Columbus applies for $1.165 million loan for water/sewer projects

Published 10:11 pm Wednesday, April 27, 2016

By Leah Justice

The Town of Columbus signed a letter of conditions last week to apply for a USDA (United States Department of Agriculture) loan for more than $2 million worth of water and sewer projects.

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Columbus Town Council met Thursday, April 21 and heard from Josh Carswell with the USDA, who presented the town’s funding opportunities.

The town has been discussing over the past year the need for a new 500,000-gallon water storage tank, a new water supply line from the tank to the town’s water lines and rerouting the sewer line downtown that currently flows underneath some buildings.

The funding from the USDA would include a $1,165,000 loan for 40 years at a 2.25 percent interest rate. Funding is also coming in the form of grants, including $300,000 from the ARC (Appalachian Regional Commission) and $505,000 from the USDA. The town plans to contribute $98,000 for the projects as well as paying back the loan.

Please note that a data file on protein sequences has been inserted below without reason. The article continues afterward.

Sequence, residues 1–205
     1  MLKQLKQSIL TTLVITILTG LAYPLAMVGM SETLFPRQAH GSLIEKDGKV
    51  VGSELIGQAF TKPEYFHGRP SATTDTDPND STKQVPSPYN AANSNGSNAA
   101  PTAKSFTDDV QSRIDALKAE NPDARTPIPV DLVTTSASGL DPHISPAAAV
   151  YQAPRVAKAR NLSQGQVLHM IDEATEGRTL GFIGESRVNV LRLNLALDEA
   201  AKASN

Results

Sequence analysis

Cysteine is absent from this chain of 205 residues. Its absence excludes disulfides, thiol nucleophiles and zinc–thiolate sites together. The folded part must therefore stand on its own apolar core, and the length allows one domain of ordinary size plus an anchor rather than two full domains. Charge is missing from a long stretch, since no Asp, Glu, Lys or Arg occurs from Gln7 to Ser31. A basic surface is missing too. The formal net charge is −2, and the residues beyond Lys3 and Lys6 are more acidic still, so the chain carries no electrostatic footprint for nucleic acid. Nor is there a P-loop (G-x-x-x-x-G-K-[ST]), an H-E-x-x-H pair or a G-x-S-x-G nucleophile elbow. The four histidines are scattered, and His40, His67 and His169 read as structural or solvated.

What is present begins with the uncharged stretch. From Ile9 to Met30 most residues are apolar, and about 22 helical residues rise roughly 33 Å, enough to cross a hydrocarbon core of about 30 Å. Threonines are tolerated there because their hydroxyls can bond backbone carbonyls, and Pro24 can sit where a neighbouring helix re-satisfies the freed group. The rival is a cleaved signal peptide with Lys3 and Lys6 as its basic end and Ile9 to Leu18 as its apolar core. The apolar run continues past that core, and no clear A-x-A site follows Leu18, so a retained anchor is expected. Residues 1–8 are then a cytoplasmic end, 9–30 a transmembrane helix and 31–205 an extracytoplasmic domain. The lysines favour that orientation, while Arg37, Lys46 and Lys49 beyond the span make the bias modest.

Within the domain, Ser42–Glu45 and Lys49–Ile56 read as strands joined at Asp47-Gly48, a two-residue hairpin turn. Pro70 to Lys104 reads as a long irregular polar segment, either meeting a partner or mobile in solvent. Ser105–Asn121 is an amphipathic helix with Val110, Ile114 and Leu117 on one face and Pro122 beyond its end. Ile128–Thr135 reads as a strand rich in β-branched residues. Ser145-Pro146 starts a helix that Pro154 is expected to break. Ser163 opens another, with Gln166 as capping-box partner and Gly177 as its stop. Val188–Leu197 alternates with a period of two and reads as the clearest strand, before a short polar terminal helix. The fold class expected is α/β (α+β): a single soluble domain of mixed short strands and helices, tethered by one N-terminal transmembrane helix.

The 2.25 percent interest rate is the lowest rate the USDA has offered in a long time, according to town manager Tim Barth.

Carswell detailed the town’s funding opportunities and said a 24-month clock begins once the town signs the letter, which it did last week. Carswell also said the grants are on a first come first serve basis and if the town did not secure the funding, the town could lose the grant money to other projects.

Carswell said the project has 10 percent built into contingency for unforeseen issues. He also said the grant money will be spent last, meaning if the town gets to the end of the project and there is money left over, the grant money will go back, not the loan.

The annual payment the town will make on the loan is estimated at $44,480 over 40 years.

Carswell said every five years he is required to come to the town to do a compliance review. Carswell also said the loan payment is based on the number of customers and the rates the customers pay. He said if the town were for some reason to lose a bunch of customers, the town would have to increase its rates to ensure the loan is paid back.

The town will go out for bids on the project with a minimum of three bids required.

Councilman Mark Phillips asked about the age of the town’s system. Barth said the water tank is at least 60 years old. Columbus Mayor Eric McIntyre said some of the businesses where the sewer line runs underneath have been there at least 60 years.